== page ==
It has been a good year for Mike Bair. As the man in charge of the 787 Dreamliner, Bair is leading one of the most successful product launches...

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It has been a good year for Mike Bair.

As the man in charge of the 787 Dreamliner, Bair is leading one of the most successful product launches in Boeing’s history.

With 364 orders and commitments in hand, and proposals outstanding for 500 more planes, 787 sales have vastly exceeded expectations and helped catapult Boeing past Airbus as the world’s top seller of commercial jets.

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The jet’s design process is on schedule. General Electric and Rolls-Royce, Bair said, are enjoying “the smoothest engine-development programs I’ve ever been involved in.” The project is even under budget.

Yet on a year-end conference call with the media Wednesday, Bair declined to take any of the credit.

“I’m really, really proud of our team. They’ve just done a spectacular job on all fronts,” Bair said. “It’s exciting. It’s humbling. It’s fun.”

Bair may be modest because he understands there is much work to be done before the 787 fulfills the promises Boeing has made to customers, suppliers and shareholders.

“It’s been a big year for the team, ” Bair said, but “next year is going to be as challenging if not more challenging.”

If 2005 was all about signing up launch customers and finalizing the airplane’s configuration, 2006 will shift the focus to the partners who make up the 787’s vast global supply chain.

Boeing is relying on its suppliers more than ever before for the detailed design of the components they will build.

Companies ranging from Mitsubishi Heavy Industries in Japan to Alenia in Italy and Vought in Texas must now engineer parts and manufacturing processes that will keep the 787 on track.

So far, so good, Bair said.

Supply-chain parts

“Messier-Dowty [a French supplier] is machining the first landing gear, and parts are starting to flow in a number of other areas in the supply chain,” he said.

For much of 2005, Boeing had 600 to 800 engineers from partner companies in the Puget Sound area helping it finalize the 787’s high-level configuration.

Those engineers are now back home, building factories, securing machine tools and planning production.

A big question looming over them: How many 787s does Boeing ultimately plan to build each year?

Bair and Boeing Chief Executive James McNerney have insisted Boeing will stick to a conservative delivery schedule in the first 18 months of the program so that it can smooth any startup wrinkles that arise. The first delivery is slated for summer 2008.

Still, Bair said Wednesday the company’s conservative target has increased to 112 deliveries between mid-summer 2008 and the end of 2009, up from its previous target of 96.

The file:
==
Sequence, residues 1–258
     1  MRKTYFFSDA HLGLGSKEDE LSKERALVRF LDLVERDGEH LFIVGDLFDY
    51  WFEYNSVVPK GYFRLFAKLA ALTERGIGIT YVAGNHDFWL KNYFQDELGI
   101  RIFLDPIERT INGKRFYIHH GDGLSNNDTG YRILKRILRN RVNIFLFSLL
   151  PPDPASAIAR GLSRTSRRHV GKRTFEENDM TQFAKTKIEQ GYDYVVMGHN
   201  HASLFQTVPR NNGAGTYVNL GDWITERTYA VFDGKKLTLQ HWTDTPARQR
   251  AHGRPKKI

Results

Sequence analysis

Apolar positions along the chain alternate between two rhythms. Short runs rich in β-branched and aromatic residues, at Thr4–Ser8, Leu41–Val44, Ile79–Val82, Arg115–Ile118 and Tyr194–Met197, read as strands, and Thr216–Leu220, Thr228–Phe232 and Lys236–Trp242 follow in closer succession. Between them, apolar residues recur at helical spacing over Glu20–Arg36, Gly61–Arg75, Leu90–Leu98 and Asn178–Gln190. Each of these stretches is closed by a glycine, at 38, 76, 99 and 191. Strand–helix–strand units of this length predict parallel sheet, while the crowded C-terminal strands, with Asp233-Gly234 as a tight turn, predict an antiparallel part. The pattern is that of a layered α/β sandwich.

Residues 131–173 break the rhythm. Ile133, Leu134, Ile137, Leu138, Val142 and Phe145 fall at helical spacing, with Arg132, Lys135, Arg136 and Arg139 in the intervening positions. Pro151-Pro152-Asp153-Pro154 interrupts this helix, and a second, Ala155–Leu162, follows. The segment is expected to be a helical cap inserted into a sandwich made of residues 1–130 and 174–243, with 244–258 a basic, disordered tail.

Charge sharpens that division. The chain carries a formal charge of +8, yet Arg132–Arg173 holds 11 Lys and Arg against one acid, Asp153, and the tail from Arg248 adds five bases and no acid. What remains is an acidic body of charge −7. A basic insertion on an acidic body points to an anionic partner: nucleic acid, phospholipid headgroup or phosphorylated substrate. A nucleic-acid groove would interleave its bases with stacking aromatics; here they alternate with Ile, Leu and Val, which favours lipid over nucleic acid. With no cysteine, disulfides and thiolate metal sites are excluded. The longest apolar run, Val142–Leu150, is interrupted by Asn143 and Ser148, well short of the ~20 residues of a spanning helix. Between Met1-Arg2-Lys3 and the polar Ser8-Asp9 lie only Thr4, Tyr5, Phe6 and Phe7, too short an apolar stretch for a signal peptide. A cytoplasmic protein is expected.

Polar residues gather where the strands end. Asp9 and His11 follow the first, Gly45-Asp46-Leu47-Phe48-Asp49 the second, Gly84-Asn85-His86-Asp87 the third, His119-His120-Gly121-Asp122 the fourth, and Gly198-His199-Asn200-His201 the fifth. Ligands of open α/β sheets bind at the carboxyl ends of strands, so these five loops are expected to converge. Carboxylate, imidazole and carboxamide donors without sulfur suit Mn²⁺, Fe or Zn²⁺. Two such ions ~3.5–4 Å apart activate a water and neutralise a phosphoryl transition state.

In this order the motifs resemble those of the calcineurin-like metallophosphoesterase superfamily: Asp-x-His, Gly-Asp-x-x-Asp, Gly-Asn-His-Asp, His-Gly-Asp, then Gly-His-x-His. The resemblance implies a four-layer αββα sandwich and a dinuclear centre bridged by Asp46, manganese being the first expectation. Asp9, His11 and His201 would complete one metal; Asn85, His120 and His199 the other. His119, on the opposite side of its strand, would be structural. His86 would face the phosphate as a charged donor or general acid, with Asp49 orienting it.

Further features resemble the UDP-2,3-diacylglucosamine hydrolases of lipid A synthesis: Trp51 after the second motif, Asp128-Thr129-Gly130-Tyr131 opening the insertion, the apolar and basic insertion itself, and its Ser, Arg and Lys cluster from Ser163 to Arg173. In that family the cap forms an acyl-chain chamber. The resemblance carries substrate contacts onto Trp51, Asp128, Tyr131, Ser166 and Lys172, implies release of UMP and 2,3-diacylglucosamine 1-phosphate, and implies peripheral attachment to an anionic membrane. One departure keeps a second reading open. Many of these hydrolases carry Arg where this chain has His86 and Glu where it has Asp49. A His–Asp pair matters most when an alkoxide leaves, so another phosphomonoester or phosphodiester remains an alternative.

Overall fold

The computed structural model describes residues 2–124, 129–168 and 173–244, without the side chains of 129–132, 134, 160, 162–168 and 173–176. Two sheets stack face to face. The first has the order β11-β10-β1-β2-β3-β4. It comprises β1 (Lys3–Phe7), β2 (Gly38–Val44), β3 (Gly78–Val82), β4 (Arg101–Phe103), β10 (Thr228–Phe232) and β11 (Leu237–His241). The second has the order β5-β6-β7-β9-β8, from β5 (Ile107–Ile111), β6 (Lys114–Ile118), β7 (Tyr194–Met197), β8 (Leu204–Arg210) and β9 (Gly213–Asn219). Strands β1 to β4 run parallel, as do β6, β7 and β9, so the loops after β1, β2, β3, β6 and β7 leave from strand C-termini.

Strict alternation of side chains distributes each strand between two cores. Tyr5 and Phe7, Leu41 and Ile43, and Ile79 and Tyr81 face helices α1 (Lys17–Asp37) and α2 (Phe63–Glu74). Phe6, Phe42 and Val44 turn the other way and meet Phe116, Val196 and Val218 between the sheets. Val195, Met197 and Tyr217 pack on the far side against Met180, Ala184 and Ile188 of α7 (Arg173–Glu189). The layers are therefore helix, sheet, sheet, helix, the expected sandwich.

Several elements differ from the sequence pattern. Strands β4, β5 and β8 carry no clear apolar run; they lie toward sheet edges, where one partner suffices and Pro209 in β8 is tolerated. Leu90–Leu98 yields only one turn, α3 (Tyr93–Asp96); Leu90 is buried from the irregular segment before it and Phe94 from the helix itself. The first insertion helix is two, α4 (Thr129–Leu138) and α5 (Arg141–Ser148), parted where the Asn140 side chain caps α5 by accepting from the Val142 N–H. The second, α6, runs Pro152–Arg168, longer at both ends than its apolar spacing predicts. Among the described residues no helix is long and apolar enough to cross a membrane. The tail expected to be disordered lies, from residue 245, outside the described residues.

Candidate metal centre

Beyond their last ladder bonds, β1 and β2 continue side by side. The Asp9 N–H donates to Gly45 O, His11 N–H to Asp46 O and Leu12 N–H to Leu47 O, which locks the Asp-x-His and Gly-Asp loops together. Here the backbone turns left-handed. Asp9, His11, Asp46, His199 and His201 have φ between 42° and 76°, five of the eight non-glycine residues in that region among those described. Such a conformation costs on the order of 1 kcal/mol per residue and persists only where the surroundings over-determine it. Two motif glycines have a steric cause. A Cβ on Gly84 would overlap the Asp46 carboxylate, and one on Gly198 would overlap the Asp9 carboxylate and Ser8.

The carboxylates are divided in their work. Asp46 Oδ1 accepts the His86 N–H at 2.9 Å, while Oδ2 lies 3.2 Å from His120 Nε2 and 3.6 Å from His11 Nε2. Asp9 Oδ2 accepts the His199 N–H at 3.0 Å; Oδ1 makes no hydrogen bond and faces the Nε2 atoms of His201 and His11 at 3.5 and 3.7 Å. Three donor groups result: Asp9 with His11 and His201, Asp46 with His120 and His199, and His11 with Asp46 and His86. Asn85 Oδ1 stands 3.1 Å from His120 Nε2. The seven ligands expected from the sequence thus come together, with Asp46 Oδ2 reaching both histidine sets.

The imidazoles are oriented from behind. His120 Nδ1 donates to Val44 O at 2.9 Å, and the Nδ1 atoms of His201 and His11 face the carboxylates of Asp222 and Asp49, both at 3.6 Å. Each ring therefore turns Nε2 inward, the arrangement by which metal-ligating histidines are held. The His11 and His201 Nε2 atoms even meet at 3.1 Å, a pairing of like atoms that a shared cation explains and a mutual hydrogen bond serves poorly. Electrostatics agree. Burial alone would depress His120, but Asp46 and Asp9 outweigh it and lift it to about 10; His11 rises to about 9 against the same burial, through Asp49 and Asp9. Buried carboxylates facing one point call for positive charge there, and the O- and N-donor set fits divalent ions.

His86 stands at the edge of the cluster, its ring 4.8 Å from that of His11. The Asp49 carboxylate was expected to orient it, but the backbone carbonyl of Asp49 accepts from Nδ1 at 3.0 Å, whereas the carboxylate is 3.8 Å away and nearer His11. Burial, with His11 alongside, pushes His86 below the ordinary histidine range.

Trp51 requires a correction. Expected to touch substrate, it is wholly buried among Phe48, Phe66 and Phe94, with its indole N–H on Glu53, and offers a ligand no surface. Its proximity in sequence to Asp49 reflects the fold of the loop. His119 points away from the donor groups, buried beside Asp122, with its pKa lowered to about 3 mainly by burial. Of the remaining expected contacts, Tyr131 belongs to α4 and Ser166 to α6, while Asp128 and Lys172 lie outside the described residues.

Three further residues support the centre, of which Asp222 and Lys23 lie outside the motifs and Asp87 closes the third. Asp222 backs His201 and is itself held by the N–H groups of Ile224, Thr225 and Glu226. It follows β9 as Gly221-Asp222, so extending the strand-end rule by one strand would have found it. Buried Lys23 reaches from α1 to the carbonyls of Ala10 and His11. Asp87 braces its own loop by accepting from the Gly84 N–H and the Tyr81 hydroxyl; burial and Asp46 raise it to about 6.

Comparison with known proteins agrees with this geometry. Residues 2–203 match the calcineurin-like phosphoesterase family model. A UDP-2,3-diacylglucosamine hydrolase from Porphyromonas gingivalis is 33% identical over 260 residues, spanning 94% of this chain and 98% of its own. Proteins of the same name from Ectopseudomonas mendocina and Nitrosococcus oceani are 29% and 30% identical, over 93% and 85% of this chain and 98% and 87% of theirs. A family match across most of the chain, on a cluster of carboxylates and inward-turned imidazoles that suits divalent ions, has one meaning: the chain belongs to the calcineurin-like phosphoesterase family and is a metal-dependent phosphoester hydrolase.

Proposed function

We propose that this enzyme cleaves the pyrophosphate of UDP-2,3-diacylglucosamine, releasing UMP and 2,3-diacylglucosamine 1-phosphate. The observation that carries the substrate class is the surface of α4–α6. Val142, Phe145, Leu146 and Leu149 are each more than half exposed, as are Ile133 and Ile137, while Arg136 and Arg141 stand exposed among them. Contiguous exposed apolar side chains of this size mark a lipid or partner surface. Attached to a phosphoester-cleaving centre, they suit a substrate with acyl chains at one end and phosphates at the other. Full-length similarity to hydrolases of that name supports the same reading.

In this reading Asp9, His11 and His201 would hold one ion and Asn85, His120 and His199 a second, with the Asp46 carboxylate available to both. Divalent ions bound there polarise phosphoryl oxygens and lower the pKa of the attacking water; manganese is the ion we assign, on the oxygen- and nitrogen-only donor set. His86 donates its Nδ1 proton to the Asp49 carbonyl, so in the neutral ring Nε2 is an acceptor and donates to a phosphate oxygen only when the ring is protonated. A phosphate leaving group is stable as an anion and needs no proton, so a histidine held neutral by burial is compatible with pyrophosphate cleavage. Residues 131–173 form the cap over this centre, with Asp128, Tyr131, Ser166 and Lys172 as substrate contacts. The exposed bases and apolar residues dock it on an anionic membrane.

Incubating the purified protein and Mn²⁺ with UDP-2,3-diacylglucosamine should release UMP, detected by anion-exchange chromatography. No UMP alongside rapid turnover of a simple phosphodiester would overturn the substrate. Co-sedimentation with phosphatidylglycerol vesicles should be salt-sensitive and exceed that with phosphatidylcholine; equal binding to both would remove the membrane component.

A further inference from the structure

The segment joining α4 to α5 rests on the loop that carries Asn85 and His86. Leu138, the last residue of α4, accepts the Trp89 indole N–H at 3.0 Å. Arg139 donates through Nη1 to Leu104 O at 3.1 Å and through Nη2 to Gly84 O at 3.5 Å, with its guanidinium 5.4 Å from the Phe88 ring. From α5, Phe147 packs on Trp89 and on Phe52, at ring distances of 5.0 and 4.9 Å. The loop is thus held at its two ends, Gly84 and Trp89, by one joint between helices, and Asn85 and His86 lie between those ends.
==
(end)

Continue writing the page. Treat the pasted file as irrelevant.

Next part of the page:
“We found a way to pull a few back into the end of 2009,” Bair said.

For 2010 and beyond, Boeing and its partners are still assessing what the optimal production rate should be.

If all its outstanding sales proposals turn into orders, Bair said, 787 production will be essentially sold out through 2012. Such potent demand could tempt Boeing to raise production rates considerably, so that it can rake in as much revenue as possible.

But Bair, McNerney and Commercial Airplanes CEO Alan Mulally remember the problems Boeing encountered in 1997 and 1998 when it raised output too high, too fast.

No kinks

Making sure there are no kinks in the supply chain is the biggest concern.

“It’s all a very carefully orchestrated, very carefully watched process, so we don’t repeat what we did to ourselves in the late 1990s,” said Bair.

Not only does Boeing face the challenge of building hundreds of 787 Dreamliners, it also will be building them in several different styles.

Bair left little doubt Wednesday that Boeing will eventually build a stretch version of the largest 787, to be dubbed the 787-10, prodded by requests from Emirates, the wealthy Middle Eastern carrier based in Dubai.

Such a plane would seat about 300 passengers in a three-class configuration and could have expanded range capabilities. It would not be available before 2012.

The baseline model currently offered, the 787-8, will have around 210 seats in a three-class configuration, while the larger 787-9 will hold 250 seats in three classes.

“Very doable”

“It’s fairly obvious to us that, one, it’s very doable. It’s a very modest investment,” Bair said. “It’s an airplane we see a market for, spurred on by Emirates, which is clearly very interested in an airplane like that.”

Emirates had been expected to decide at the Dubai Air Show in November between the 787 and Airbus A350 for a hefty 50-plane order, with most industry insiders expecting Airbus to win the day.

However, Emirates ordered 42 777-300ERs at the show but said it needed more time to mull over the 787 versus A350 decision because neither airplane met its requirements.

Boeing’s openness to launching the 787-10 could turn the campaign in its favor.

Skeptics have cautioned that a 787-10 would cannibalize sales for one of Boeing’s most popular jets, the 777-200ER, which has a similar seating capacity.

But Bair has an answer for that problem, too.

“Better us to step on [the 777] than somebody else,” he said. “If you can do a product that the market is clamoring for, you’d be silly to deny it.”

David Bowermaster: 206-464-2724 or dbowermaster@seattletimes.com